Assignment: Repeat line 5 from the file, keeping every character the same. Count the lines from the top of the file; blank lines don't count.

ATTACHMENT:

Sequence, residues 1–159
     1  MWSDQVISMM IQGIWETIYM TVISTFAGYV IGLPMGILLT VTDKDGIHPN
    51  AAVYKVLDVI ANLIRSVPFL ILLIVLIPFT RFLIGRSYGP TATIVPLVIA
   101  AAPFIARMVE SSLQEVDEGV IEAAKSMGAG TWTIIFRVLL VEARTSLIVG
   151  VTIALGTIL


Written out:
   151  VTIALGTIL